If your father dies, you may need his Social Security number (SSN) in order to apply for survivor's benefits or to locate assets for a probate of his estate. Generally, you can locate this number in a person's files–on a tax return, for example. But if you can't find the number or don't have access to his personal papers, you can try running a search of the U.S. Social Security Death Index. You can also apply to the Social Security Administration for a copy of his Social Security record.
How to Find an SSN at Home
After your father dies, you can probably locate his SSN in his personal records if you have access to them. You may not be able to locate his Social Security card with the number on it, but other records are sure to have the number. For example, personal tax returns and employment and pay records will have his number on them.
Your father's attorney, executor, banker and investment banker will have his SSN. If he has a mortgage or credit card debt, you may be able to locate his SSN on these. Passport applications usually call for the SSN as well. Credit reports may contain his SSN.
Other Options for Finding an SSN
If, for some reason, you don't have access to your father's personal papers and can't contact the professional persons he relied on during his lifetime, there are a few other options to try. To find the Social Security number for deceased parents, you can try using the Social Security Death Index.
The Social Security Death Index is a compilation of the Death Master File from the Social Security Administration. It is a database of all the deaths of people with SSNs that were reported to the SSA in the period 1935 through 2014. The reports were often made when family members filed for death benefits. In 2014, the law was changed to require a three-year delay before posting death records.
What kind of information can you get from the Death Index? Each file includes the following information if the SSA had the data:
- Last name
- First name
- Social Security number
- State issued
- Birth date
- Death date
- Last residence
- Lump sum payment
While you cannot access the Social Security Death Index through the SSA, you can access it online for a fee from Ancestry.com and free from Genealogy Bank (if you register) and from Family Search. Put in your deceased father's first, middle and last name and dates and locations of birth and death.
Find an SSN by Getting Your Father's Social Security Records
Apply to get your father's Social Security record from the SSA. You can use an online form called Request for a Deceased Individual's Social Security History, or download, print and mail in form SS-771. This record includes the person's Social Security application in addition to the SSN. The fee for this is currently under $30.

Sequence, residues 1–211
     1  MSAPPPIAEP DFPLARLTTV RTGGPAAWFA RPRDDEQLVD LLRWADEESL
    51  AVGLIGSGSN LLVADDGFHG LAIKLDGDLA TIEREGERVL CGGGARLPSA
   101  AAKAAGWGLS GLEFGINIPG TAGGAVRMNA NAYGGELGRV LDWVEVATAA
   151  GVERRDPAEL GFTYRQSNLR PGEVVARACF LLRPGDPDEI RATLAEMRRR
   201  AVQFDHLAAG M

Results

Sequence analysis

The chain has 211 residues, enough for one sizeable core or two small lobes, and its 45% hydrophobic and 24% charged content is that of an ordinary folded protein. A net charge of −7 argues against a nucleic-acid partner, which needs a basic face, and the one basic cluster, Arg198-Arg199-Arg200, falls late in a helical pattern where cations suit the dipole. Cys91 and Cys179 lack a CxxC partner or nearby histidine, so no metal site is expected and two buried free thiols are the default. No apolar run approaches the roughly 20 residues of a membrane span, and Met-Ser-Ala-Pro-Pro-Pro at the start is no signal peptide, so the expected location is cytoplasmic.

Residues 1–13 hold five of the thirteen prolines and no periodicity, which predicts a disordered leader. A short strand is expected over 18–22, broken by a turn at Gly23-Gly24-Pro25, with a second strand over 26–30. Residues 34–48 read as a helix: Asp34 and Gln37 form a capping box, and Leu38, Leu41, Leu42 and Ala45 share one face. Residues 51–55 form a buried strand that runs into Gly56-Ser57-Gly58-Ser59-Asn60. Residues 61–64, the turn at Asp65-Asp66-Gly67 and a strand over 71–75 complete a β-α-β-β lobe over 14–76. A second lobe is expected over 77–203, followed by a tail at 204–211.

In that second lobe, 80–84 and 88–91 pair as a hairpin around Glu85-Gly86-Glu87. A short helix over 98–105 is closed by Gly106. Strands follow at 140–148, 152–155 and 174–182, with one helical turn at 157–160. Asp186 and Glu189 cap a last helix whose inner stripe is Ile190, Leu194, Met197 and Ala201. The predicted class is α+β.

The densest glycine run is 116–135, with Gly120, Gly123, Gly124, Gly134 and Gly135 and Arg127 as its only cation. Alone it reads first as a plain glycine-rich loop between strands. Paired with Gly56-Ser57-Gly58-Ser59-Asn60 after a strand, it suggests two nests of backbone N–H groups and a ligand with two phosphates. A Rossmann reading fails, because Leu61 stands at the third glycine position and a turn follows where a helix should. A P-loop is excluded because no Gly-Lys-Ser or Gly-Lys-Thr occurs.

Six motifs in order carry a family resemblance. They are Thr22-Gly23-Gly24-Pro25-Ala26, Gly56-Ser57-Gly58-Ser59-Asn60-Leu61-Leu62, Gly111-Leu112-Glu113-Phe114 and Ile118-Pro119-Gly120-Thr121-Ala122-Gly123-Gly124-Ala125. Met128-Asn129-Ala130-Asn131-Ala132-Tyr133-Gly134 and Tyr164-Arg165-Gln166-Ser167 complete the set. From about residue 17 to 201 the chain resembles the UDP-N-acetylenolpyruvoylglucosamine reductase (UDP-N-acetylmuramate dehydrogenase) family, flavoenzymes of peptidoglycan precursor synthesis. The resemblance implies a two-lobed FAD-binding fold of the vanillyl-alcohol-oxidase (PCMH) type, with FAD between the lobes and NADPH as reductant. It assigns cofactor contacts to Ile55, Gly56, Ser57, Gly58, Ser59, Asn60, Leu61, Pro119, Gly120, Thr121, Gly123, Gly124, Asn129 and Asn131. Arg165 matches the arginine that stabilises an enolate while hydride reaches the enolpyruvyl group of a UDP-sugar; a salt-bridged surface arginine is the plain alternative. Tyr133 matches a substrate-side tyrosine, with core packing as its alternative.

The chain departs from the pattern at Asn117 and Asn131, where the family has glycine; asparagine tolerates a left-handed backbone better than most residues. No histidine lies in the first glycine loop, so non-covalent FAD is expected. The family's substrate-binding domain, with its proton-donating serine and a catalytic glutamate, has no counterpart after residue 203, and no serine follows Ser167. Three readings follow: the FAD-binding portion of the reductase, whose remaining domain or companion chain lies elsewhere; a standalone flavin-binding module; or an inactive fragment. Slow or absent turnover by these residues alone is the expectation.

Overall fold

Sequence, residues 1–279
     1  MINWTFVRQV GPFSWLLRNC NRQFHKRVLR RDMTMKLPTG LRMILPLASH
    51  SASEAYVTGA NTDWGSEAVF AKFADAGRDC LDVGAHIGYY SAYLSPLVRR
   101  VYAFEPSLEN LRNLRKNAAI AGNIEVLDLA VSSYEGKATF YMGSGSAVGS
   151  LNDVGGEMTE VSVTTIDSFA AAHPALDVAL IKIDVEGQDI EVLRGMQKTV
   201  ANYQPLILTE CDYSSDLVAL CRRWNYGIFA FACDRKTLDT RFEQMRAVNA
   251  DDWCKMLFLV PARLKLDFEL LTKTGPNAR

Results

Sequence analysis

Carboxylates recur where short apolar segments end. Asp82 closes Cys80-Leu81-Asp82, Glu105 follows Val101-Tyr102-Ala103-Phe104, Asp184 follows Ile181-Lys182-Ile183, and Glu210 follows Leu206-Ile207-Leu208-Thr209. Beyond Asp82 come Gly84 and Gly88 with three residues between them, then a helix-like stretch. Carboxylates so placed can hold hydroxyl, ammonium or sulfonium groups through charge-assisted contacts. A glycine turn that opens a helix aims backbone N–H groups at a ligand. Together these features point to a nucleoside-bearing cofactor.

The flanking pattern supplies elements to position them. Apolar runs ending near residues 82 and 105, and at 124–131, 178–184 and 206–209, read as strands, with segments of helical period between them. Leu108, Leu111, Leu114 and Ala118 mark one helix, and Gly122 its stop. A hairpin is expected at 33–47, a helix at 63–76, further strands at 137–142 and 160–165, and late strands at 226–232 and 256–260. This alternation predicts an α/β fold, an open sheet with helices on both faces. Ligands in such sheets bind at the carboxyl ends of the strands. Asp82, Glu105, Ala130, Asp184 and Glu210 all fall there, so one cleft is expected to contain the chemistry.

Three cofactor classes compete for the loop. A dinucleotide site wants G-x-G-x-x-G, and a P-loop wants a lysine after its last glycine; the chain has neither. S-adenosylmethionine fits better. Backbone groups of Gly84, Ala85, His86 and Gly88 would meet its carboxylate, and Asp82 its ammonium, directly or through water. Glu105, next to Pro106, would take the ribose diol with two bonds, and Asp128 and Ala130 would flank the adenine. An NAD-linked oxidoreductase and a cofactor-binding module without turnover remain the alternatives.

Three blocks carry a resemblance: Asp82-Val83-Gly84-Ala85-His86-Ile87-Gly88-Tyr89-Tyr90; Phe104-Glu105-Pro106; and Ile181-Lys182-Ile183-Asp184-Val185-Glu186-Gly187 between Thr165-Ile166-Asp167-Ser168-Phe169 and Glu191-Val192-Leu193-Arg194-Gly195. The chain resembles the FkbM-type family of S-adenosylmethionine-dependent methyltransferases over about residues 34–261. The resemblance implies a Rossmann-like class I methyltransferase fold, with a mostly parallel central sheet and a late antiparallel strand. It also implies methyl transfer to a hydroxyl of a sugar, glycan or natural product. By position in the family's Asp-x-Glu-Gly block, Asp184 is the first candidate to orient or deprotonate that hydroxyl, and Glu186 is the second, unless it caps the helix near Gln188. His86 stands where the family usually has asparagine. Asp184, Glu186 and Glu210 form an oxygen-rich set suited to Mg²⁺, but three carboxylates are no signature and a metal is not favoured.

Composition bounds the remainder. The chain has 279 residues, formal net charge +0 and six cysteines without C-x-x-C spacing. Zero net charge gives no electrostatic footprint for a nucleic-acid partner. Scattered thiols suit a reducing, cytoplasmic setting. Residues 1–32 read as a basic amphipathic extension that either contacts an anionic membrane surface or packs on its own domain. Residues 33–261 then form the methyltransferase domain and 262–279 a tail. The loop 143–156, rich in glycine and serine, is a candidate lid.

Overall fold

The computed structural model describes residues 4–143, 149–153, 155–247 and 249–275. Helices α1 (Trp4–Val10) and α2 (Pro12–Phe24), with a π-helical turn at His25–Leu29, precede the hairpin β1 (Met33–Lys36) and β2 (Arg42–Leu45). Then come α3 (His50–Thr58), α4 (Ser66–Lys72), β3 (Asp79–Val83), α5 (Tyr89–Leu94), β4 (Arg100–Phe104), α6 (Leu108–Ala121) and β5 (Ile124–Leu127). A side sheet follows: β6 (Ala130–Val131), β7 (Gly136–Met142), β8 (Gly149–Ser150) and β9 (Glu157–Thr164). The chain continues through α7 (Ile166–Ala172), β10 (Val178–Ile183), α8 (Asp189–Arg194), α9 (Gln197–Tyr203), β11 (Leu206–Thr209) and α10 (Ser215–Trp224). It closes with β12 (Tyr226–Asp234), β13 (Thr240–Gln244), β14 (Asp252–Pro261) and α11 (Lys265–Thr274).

How do I Get my Baby's Birth ...
How Can I Get My Dad's Death Records ...
How to Find Your Dad That You Have ...
How to Find Out When Someone Died
How to Find My Fathers Military Record
How to Find Someone's Date of Death for ...
How Can I Get My Child Care Provider's ...
How to Find Date of Birth Using Social ...
How to Search Death Records for Free ...
How to Find Out Where Your Family Came ...
How to Change the Father's Name on a ...
How Do I Find Out the Tax ID Number for ...
How to Trace Your Family Tree for Free
How to Prove that a Spouse is Cheating
About TSA Precheck for the Military
How to Get a Copy of Our Marriage ...
How to Obtain a Choctaw Indian Roll ...
How to Find a Lost Father in Japan
How to Find a Death Certificate With a ...
How to Find an Obituary
- Fill out forms as accurately and completely as possible.
- Consult anyone who cared for your deceased father in his last years of life as they may know where he stored his information.
With a Master's in English, a Master of Fine Arts in Creative Writing, and J.D. from U.C. Berkeley's law school, Teo Spengler is up on education. She splits her home time between San Francisco and France. A perpetual student and frequent teacher, she is also a writer and world traveler. Her work has appeared in numerous online publications including USA Today, Legal Zoom, eHow Business, Livestrong, SF Gate, Arizona Central, Fairmont Houston Chronicle, Navy Federal Credit Union, Pearson, Quicken.com, TurboTax.com, and numerous attorney websites.